I like to watch Wheel Of Fortune…love solving puzzles. Tonight there was a young woman contestant who teaches algebra in middle-school.
There were several things I loved in school…the first of which was history. There were two things, as a kid, I cried over. The first was spelling. Man, this is going to date me. But in grade one I got caught, along with all the other kids, in a pattern change in the teaching techniques for spelling. It was my worst subject. And the more the teacher punished me (she would smack a wooden ruler across the palms of our hands), the worse I became at it. Finally I taught myself and my mother, for years, proudly annouced that I was self-taught when it came to spelling. Typos are another matter, LOL. It came to light several years later that the grade one teacher had a few problems of her own…but we kids suffered for it.
The second thing I hated was algebra. When I hit highschool, that subject hit me right between the eyes. It didn’t go into my brain, ever…I just didn’t get it. I carried it over another year and still didn’t get it. I excelled at English and History but a mathematician I was not.
So I switched electives, which meant I could not go on to university. Ha! Not so. After ten years at working at this and that and being disatisifed, I returned to school and spent two years in college and picked up a number of university diplomas.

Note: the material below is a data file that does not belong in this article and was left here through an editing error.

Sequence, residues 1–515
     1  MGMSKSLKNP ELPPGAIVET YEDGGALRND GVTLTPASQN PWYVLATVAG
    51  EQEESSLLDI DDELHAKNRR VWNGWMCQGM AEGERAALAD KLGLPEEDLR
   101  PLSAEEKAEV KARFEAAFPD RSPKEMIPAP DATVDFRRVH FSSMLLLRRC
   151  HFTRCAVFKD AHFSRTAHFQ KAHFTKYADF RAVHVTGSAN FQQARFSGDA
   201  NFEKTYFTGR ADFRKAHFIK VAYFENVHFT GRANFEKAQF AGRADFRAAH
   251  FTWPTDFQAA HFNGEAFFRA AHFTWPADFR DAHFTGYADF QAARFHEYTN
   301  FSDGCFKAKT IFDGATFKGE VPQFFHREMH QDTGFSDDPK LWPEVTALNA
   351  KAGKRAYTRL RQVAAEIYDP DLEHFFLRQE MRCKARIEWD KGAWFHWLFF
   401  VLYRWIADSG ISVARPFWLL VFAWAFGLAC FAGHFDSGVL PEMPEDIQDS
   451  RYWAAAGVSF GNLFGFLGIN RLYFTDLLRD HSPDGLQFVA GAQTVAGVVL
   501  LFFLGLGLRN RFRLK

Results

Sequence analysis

In the end, the dreaded algebra didn’t do me in after all. But algebra in middle school. That made me shudder! LOL
Funny you bring this up. I am an 8th grade Algebra teacher and have many students that feel the same way you did. I too in middle school had not understanding in Algebra but before 7th grade i excelled in math. I believe that the way you feel about your ability has a huge influence on how well you will succeed in anything. In algebra I was told repetedly by my Algebra reached how I would NEVER succeed in Algebra. This added to the inability for my teen brain not comprehending the abstract thought process necessary to fully understand how algebra works and a teacher that could rarely answer why-is -it-done-that-way questions, I truely did fail. But like you persistance paid off. All you need is a little self-confidence, a lot of positive encouragement an
And now you teach alebra, Robin! I love your post. Thank you. Teachers can have such a huge influence on children and teens, both positive and negative. And often a negative experience prods one into getting their back up and essentially saying, “I’ll show you!” Which you obviously did. And yes, positive encouragement means everything in building self-confidence.